Early Works

‘The Dance of the Happy Shades’ written in 1968 was set in Ontario, Canada. The stories were set in an earlier time, probably in the 1940s or in the 1950s. The stories revolve around girls or young women who are the main protagonists in the tales. The females are usually at a point in their lives when they are becoming aware of the chaotic but powerful effect of sex. During this stage in their lives, they are also beginning to comprehend the complexity of gender-ascribed roles in the society.

‘Lives of Girls and Women’ is the author’s second published work. The stories are about the coming of age of the main character, Del Jordan. The character grows up in the outskirts of Ontario and comes of age in Jubilee, a southern Ontario town. Del is seen to be an outsider who is secretly bored with small town life. She does not want to acknowledge that there could be similarities between herself and her mother, who is also seeking to expand beyond the limited experiences in Jubilee. The collection of stories demonstrates many feminist ideas. Very few men play significant roles in the collection of stories.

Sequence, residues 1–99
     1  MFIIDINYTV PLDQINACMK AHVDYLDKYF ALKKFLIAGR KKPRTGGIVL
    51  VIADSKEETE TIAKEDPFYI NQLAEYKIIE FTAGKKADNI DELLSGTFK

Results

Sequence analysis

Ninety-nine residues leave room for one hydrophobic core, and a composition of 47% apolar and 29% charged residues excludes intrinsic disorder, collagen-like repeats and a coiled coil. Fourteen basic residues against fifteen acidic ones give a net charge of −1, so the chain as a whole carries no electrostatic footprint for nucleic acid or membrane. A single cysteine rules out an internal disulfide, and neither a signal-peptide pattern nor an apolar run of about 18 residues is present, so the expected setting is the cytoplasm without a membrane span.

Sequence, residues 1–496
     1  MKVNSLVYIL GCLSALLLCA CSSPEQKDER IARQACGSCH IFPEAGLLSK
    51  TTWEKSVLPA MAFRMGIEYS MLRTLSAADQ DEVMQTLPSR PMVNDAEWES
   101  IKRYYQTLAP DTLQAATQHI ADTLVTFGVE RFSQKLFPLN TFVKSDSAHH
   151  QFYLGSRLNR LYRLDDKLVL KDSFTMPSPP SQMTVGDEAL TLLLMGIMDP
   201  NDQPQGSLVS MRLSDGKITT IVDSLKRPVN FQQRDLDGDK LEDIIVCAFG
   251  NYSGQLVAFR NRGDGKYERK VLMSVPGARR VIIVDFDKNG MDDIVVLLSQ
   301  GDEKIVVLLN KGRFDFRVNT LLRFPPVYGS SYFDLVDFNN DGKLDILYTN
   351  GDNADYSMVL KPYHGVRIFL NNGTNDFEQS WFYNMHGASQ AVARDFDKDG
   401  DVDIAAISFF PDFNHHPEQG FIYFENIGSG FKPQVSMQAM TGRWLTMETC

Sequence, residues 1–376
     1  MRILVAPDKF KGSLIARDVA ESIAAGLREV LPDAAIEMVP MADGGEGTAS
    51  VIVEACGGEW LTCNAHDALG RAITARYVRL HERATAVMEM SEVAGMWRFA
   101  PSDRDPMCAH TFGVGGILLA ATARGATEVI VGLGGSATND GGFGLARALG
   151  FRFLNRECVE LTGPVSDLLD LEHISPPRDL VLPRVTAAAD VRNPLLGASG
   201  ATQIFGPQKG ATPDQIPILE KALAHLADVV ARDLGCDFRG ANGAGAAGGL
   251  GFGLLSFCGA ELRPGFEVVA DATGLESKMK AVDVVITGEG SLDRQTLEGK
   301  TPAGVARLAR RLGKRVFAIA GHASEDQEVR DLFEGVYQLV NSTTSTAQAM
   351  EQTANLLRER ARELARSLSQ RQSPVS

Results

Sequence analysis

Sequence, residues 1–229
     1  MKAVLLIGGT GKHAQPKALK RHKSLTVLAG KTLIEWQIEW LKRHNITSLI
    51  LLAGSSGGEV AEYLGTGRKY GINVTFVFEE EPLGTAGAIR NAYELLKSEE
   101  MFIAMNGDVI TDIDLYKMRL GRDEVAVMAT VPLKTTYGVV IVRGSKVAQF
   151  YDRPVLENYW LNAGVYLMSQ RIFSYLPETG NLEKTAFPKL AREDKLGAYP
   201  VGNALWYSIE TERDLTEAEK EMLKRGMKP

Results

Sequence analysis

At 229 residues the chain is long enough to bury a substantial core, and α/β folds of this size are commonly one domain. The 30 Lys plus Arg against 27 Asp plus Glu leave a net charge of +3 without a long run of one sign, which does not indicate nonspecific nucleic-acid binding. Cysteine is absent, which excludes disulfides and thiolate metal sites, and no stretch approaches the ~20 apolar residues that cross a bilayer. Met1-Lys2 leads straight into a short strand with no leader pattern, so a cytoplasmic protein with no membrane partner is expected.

Style of Writing

Munro begins most of her short stories with little indication of where the story will end up. The reader cannot presume the theme or the plot of the story while at the beginning. The reason for this is that Munro engineers the story in such a way that it moves off in unexpected directions. The reader is usually left pondering over something at the end of the story or sensing that the world is a confused and messy place. Furthermore, many of the titles to her short stories give little inclination as to what the story is actually about. The reader simply does not know what to expect at the beginning of the story or how he will feel at the end of it.